Building the Deck

U/W Tron is neither the same deck as G/R Tron nor the same deck as U/W Control. Figuring out that it lies somewhere in the middle will go a long way toward figuring out what decisions to make.

I like to build my U/W Tron decks in such a way that I never truly need Tron active in order to win. Slipping a few Karn Liberateds or Wurmcoil Engines into the deck might seem like a good idea, but it’s important to realize that assembling Tron is a luxury you don’t always have. Instead, you should focus on assembling Tron, not what you’ll do once you get there. If you have Tron, there will be a way.

This deck has three ways to win:

1) Cast Gifts Ungiven for Unburial Rites, your fatty of choice, and nothing else. They both go to the graveyard, allowing you to put the fatty into play the next turn.

2) Mindslaver lock your opponent with thirteen mana including Academy Ruins. Note that while your opponent is Mindslavered, you can look at their sideboard.

3) Celestial Colonnade beatdown.

Previously, I used an Eldrazi package rather than the Mindslaver lock. However, Mindslaver is a better natural draw, especially in a field full of combo decks. The one downside to playing Mindslaver over Eldrazi is that Expedition Map can’t find a huge threat like Eye of Ugin. Celestial Colonnade hardly counts.

Choosing the Unburial Rites targets was difficult. Iona, Shield of Emeria and Elesh Norn, Grand Cenobite have been staples for a long time, but neither of them do anything against G/R Tron. Against combo, Elesh Norn and Terastodon cover most of your bases, while Terastodon does a lot of damage in the pseudo-mirrors. Going into the tournament, I thought it was a bold choice, but it was the correct one.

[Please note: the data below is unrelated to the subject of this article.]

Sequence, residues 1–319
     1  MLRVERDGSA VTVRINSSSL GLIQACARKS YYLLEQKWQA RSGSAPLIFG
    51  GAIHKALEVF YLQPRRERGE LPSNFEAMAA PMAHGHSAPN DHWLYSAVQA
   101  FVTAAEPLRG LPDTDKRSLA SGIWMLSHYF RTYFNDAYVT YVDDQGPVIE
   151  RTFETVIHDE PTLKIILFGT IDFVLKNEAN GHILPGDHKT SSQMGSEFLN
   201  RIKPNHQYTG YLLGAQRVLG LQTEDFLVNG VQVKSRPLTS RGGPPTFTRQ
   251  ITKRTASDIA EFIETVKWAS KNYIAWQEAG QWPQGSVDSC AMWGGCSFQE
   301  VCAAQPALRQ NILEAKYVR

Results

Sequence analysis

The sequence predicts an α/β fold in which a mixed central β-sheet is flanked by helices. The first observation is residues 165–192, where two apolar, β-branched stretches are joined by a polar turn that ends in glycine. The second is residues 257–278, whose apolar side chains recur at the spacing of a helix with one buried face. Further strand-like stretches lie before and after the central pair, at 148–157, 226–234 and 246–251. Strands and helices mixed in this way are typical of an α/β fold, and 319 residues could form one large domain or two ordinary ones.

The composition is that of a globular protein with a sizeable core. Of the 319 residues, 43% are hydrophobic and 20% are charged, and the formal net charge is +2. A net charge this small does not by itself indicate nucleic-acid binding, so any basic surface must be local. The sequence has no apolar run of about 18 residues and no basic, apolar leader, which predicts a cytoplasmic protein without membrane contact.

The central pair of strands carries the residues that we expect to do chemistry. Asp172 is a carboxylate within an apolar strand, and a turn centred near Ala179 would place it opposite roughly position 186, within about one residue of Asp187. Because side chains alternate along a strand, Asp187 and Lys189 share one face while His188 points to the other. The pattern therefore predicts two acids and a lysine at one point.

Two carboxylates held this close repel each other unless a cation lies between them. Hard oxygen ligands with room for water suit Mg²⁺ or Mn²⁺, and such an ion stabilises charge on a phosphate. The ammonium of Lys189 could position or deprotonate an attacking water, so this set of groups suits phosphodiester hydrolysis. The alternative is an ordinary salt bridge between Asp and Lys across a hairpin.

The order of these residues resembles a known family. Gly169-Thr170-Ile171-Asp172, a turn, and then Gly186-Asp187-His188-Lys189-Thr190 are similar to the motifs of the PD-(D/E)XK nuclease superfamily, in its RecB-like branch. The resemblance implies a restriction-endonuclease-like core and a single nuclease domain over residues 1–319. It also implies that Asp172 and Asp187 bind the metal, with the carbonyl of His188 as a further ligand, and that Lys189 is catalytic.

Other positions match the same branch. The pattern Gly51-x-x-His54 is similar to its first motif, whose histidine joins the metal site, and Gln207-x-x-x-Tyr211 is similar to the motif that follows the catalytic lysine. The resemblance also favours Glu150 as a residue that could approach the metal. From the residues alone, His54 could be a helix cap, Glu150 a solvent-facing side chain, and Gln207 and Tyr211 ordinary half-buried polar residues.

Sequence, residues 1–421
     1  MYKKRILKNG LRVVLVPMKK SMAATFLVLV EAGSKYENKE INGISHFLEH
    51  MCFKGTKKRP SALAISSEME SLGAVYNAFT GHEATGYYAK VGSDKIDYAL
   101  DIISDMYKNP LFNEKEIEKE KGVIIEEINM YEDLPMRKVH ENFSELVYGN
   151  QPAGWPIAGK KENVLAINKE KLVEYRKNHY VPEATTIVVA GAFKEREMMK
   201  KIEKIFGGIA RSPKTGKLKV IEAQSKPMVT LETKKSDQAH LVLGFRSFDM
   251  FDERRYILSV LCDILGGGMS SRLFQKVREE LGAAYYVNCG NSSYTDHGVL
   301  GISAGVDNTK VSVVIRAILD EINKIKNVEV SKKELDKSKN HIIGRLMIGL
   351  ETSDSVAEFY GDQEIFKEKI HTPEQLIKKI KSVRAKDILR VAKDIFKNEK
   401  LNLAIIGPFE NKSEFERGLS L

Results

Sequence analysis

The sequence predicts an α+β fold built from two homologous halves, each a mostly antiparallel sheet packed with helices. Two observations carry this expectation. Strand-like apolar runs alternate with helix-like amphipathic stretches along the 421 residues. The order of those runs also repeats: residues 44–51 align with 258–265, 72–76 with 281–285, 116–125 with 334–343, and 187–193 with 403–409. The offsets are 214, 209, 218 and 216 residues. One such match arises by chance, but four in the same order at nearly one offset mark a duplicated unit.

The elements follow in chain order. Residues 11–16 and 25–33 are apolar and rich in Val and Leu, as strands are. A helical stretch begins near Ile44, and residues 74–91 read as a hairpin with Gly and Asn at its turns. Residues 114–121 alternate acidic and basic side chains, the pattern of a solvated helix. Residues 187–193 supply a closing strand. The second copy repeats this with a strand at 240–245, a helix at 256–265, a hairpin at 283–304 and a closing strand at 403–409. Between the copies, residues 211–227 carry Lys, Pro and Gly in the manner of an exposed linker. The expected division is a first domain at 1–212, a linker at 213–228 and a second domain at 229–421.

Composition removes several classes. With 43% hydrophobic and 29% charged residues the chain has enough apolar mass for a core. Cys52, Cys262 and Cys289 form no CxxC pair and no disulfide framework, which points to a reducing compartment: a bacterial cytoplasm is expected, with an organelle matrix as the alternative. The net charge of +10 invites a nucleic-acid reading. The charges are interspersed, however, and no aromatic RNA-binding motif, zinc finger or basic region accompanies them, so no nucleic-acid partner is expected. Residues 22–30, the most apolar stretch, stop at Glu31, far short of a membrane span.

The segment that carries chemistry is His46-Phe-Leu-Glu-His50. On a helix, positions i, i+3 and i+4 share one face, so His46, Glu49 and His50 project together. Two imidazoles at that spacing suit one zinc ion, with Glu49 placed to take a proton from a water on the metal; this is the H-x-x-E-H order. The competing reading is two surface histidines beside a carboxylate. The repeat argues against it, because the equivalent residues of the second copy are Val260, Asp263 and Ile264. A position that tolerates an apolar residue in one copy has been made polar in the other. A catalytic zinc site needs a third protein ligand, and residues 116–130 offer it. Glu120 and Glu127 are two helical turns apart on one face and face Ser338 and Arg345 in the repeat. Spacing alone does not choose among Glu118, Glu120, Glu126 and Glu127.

For the Mindslaver lock, cast Gifts Ungiven for:

Expedition Map
Academy Ruins
Crucible of Worlds
Tron piece #2
Tron piece #3

With Crucible of Worlds in the deck, you can Ghost Quarter lock some decks and fight sideboard land destruction. It also allows you to cut Tolaria West from the mana base, as Crucible takes the place of it in Gifts piles for missing Tron pieces.

Sometimes, you’ll have some of that stuff in play or in your hand, but that’s the gist of it. Occasionally, you get to be tricksy by casting Gifts Ungiven for cards you already have, like the third Tron piece, knowing they’ll refuse to give it to you. Given enough time, they will die.

My removal suite may seem rather standard. Path to Exile is the best, cheapest removal in blue or white, and you don’t care about giving them a land. Tron isn’t focused on gaining card advantage—it just wants to not die. Killing anything is extremely relevant against decks like Splinter Twin, where something like Oust or Condemn would be terrible.

Timely Reinforcements might be the best card in the deck. It gets Geist of Saint Traft off your back, at least for a little while, and functions as double Time Walk against aggressive decks. Again, we are not looking for good, clean answers. We just want to live a few more turns and make some more land drops.

For that reason, Remand is the "counterspell" of choice. Condescend is another fine option, but Remand is much better on the draw and both are good on the play. I’d also rather draw a card and choke them on mana than trade one-for-one.

Despite shunning them in the past, I included two sweepers in my maindeck: Day of Judgment and Wrath of God. Supreme Verdict would have been a welcome addition over Day of Judgment, but the mana was a little rough. Casting Gifts Ungiven for three sweepers has never been all that important either, as you can put Timely Reinforcements and Path to Exile in the pile as well.